Wildwood is celebrating after receiving a grant from the Big Lottery Fund to build desperately needed new woodland learning facilities.
As an outdoor destination, Wildwood is at the mercy of the great British weather meaning that in wet or windy conditions the park struggles to offer educational courses and events. This grant will greatly improve Wildwood's educational scope with the provision of two new outdoor learning facilities; a new woodland classroom and a dedicated training workshop.
The two new learning spaces will be built by Wildwood's in-house team using recycled materials and timber from our coppiced woodland in line with Wildwood's commitment to creating environmentally friendly structures in the woodland.
The new log-cabin style woodland classroom will greatly enhance our educational service to school and college students studying topics such as conservation, environmental studies, science and animal behaviour, allowing them work in the woodland through all weathers.
The project will also give 40 volunteer trainees per year the opportunity to get involved in wildlife conservation projects by providing a dedicated training facility. This woodland workshop will provide a much needed sheltered area where our ranger and conservation volunteers can learn tool-use to create bird or bat boxes, create simple structures for our water vole, red squirrel and hazel dormice conservation projects, and create animal activities for enrichment for our endangered wildlife, whilst building confidence and life skills.
Anne Riddell, head of education at Wildwood Trust, said: "We are delighted to have been awarded this grant by the Big Lottery Fund. Our indoor classroom is in high demand and there are times when we have to disappoint schools because we simply cannot fit them all in. Although we offer a range of outdoor activities and workshops as an alternative, the English weather is not always kind. An outdoor classroom which provides shelter so that children can carry out activities in all weathers and provides an overflow for the main classroom is much needed so that children can continue to explore the exciting world outside the classroom."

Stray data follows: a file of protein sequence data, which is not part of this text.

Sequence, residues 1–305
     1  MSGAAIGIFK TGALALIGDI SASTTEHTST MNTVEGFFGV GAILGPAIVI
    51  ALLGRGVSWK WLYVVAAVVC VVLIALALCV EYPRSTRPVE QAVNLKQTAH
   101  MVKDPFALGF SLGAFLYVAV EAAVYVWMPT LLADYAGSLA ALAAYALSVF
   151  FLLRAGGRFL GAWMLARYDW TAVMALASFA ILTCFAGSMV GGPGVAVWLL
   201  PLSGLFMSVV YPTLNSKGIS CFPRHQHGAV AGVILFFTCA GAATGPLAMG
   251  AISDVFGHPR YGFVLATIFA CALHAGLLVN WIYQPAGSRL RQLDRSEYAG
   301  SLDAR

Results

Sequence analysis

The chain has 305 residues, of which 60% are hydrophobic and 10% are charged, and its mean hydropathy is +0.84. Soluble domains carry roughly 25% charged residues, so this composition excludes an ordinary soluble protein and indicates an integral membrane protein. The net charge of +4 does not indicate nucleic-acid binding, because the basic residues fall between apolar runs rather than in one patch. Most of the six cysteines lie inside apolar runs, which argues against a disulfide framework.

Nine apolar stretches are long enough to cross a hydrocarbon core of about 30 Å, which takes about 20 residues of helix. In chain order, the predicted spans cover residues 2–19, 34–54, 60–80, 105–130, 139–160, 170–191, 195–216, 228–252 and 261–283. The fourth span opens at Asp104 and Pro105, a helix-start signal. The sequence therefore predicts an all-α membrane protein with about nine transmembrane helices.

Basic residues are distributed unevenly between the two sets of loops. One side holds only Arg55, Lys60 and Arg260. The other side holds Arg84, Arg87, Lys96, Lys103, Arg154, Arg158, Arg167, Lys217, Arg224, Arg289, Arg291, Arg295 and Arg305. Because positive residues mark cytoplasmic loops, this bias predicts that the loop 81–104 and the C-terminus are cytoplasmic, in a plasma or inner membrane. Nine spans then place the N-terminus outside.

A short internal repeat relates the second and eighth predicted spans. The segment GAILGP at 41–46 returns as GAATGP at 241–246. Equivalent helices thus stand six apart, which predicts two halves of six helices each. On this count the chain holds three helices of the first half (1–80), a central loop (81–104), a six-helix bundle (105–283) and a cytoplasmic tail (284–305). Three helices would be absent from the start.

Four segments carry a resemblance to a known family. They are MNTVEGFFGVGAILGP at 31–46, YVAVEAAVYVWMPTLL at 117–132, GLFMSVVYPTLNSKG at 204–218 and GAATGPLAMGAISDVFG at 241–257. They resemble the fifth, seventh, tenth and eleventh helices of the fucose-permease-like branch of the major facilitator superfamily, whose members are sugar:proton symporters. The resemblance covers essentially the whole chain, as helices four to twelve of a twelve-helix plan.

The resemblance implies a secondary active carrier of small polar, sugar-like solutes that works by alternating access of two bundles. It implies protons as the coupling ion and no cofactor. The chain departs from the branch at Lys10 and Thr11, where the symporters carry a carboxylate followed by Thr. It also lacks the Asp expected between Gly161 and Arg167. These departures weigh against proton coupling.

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Tel: 01227 712 111
Tel: 01227 712 111
About copping at Wildwood
Wildwood is situated amongst 40 acres of ancient woodland, and is part of the Blean, the largest tract of ancient woodland in southern England.
Wildwood's woodlands have always been managed on a coppice rotation which involves harvesting the trees every 5-20 years by cutting them down to ground level and allowing them to grow back from the remaining stump (stool). The resulting timber can then be put to good use.
We continue to manage our woodland by coppicing and we use the timber for around the park for signs, fences and log piles for small mammals and invertebrates living both wild in the woodland and in the enclosures. These provide extra interest for many of our animals as they search the rotting wood for grubs and larvae.
Managing woodlands by coppicing is beneficial to plants and wildlife which move in at their preferred stage of its growth, moving out again as the coppice grows and shades out the light. Wild flower seeds which have lain dormant in the soil, germinate in the new light and rainfall after the coppice is cut and bloom for several years until the tree shoots grow again and shade out the light.
The majority of Wildwood's woodland today is sweet chestnut and silver birch harvested on a 20-year coppicing rotation, with English oaks on a 150-200 year cycle to produce ship-building timbers.